Today's edition of quick hits:
* Losing a global treasure: "The Notre Dame Cathedral has long been regarded as a spiritual beacon, architectural marvel, monument to Parisian beauty and a towering symbol of French national pride. But the flames that engulfed the centuries-old structure on Monday threatened to permanently demolish that rich cultural legacy, alarming admirers and worshipers around the world."
* Maybe the White House can lower the temperature? "Rep. Ilham Omar said death threats against her have spiked as a result of an inflammatory video that was shared by President Donald Trump on Twitter about a remark she made regarding the 9/11 terrorist attacks."
* Quite a strike: "More than 30,000 Stop & Shop supermarket workers across three states remained on strike for a third day on Saturday, protesting what they said were unfair wages and high health insurance premiums."
* This story continues to amaze: "A federal judge on Monday denied bail to a Chinese woman who was arrested while trying to enter President Donald Trump's Mar-a-Lago club with a trove of electronic devices."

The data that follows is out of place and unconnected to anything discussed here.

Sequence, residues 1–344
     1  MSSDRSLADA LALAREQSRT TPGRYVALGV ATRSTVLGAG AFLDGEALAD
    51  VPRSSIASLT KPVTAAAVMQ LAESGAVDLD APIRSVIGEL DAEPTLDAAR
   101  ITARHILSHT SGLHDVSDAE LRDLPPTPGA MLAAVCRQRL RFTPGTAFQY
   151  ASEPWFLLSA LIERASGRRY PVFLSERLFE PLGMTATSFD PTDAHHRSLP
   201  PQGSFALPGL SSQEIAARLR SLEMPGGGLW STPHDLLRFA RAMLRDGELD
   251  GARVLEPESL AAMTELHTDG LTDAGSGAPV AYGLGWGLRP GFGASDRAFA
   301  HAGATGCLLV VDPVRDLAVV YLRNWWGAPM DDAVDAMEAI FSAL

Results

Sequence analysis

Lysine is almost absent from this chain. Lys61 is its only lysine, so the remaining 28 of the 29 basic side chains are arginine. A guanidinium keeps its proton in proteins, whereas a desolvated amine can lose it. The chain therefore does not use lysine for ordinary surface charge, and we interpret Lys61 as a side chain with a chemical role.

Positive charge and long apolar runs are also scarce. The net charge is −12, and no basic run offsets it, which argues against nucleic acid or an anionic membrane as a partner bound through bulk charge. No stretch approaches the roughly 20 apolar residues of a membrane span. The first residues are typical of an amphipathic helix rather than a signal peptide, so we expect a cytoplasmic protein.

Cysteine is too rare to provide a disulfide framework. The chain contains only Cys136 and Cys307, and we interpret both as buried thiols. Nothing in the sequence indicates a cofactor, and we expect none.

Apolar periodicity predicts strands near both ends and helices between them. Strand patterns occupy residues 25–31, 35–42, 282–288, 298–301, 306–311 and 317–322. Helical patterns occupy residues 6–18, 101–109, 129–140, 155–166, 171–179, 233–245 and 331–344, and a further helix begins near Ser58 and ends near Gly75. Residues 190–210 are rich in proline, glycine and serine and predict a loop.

* This guy's confirmation process was way too easy: "The National Archives and Records Administration gave the Interior Department until late April to address Democrats' allegations that newly confirmed Secretary David Bernhardt may have been destroying his official calendars, according to a letter POLITICO obtained Friday."
* Another diplomatic step backwards: "The Trump administration will not nominate anyone to serve on a United Nations committee on racism, the latest sign of a U.S. retreat from international bodies and traditional human rights priorities."
* Reproductive rights abroad: "South Korea's Constitutional Court on Thursday struck down the country's laws prohibiting abortion, a landmark decision challenging the 66-year-old ban that had become increasingly unpopular in recent years."
* If you haven't seen the full list of this year's Pulitzer Prize winners, the list includes some incredibly talented professionals who did extraordinary work in their fields.
Anything to add? Consider this an open thread.